May 15, 2018
Starbucks’ loyalty program is changing: They’re switching from a frequency-based rewards program to a spend-based rewards program.
What does this mean? It means that the earnings structure of Starbucks’ loyalty program has undergone a makeover: Customers currently receive 1 star per visit (and 12 stars = 1 free drink). As of April, customers will earn 2 stars per $1 spent (and 125 stars = 1 free reward). The result? Customers who typically spend less than $5 when they visit Starbucks will earn rewards (free coffees, etc) more slowly than before — it will take about $62.50 worth of purchases to become eligible for a free item, whereas it used to cost as little as $24 ($2 for a tall drip coffee * 12 transactions). Customers with a higher average order value (>$5) will earn rewards more quickly, as they will get “credit” for their higher average order value. This is meant to reward customers based on how much they contribute to the bottom line, regardless of how often they transact at Starbucks. Source: Starbucks According to Starbucks Chief Strategy Officer Matthew Ryan, the vast majority of their customers will earn rewards more quickly with this change, while a minority of customers will have to wait longer to receive their free item.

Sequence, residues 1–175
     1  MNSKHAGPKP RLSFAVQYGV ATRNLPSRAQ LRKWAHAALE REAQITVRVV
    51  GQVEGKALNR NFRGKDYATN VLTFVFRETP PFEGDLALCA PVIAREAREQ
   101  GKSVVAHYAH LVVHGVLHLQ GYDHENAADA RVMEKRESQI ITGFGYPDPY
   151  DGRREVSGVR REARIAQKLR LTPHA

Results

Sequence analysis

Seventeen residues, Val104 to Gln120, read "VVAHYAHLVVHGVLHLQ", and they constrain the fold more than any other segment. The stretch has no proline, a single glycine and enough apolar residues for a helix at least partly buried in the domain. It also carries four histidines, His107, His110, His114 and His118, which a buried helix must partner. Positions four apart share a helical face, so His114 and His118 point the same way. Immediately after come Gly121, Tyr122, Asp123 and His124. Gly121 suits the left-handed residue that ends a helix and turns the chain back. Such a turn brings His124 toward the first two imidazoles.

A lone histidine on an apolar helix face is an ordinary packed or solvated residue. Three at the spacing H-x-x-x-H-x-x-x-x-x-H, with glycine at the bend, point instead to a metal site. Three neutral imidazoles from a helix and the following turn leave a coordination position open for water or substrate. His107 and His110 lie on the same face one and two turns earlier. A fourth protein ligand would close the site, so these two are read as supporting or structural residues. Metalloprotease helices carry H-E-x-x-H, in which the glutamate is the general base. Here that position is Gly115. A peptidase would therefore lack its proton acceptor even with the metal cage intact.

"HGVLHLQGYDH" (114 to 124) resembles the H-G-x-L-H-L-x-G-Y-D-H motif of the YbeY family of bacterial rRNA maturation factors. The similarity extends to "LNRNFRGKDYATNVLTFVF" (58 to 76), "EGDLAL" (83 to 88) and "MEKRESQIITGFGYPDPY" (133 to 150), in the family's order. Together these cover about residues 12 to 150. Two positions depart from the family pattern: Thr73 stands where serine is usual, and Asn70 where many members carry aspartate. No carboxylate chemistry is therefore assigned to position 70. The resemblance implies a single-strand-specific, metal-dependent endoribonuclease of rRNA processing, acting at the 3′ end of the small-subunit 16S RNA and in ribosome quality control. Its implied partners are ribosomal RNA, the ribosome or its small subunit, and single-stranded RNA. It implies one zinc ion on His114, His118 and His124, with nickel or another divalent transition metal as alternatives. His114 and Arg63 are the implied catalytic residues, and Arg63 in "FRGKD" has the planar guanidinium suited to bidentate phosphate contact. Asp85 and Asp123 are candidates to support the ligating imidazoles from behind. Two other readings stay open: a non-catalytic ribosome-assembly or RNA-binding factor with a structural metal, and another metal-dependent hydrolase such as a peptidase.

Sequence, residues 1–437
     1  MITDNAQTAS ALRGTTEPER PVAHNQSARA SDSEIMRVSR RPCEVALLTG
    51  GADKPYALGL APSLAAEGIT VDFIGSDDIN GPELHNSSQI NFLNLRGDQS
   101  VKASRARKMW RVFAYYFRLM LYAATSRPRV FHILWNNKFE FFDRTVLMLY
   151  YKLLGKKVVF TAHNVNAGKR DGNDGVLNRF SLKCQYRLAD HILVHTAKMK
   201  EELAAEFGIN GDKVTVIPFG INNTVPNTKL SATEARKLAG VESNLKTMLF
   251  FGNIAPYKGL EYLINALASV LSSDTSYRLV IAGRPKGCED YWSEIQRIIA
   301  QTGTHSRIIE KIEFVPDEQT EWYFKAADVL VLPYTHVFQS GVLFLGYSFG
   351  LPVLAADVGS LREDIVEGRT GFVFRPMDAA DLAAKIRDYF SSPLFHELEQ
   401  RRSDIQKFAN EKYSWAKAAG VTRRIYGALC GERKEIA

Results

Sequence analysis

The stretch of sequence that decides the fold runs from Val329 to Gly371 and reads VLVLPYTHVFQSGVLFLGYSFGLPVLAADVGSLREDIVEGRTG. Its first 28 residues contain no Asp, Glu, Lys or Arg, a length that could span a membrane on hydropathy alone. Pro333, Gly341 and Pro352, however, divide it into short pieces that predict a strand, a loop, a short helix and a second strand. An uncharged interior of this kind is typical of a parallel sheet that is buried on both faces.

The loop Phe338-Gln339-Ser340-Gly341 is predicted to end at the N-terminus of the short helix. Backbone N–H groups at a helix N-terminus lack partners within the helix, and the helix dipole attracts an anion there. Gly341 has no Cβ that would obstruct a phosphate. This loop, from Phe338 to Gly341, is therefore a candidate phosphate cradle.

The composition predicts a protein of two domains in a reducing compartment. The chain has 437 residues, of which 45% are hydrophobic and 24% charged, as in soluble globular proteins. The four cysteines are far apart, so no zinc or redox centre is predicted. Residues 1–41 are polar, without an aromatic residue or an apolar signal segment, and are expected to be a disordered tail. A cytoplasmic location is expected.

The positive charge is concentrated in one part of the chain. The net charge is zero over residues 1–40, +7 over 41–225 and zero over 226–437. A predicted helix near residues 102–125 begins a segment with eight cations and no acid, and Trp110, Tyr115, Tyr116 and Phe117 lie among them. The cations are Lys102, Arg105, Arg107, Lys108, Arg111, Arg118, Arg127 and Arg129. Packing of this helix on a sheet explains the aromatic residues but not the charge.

The Good: Most customers will earn rewards more quickly (and all customers will be met with shorter lines)
Starbucks customers who typically purchased more than one item at a time will earn rewards more quickly under this new program. Starbucks walked through a few different scenarios on their “more stars” website: Source: morestars.starbucks.com In addition to more stars, there’s another compelling benefit here: “Transaction splitting” will be obsolete. While providing customers with great service is an undeniable component of customer loyalty, service was suffering under Starbucks’ old program. Since stars were awarded per transaction (1 transaction = 1 star), customers seeking to game the system were effectively incentivized to split up multi-item orders to acquire stars more quickly. The result? Cashiers had to ring up their items separately for customers when they asked, which increased transaction time (and cost!) for Starbucks. The incentive to split up orders is effectively removed in a spend-based program, where customers are rewarded based on the amount they pay, not the number of transactions. On one level, this is a good thing: Starbucks can eliminate rewards fraud, speed up lines, and decrease transaction costs. However, that’s not how all customers are taking the news…
The Bad: It’s becoming clear that customers feel entitled to free stuff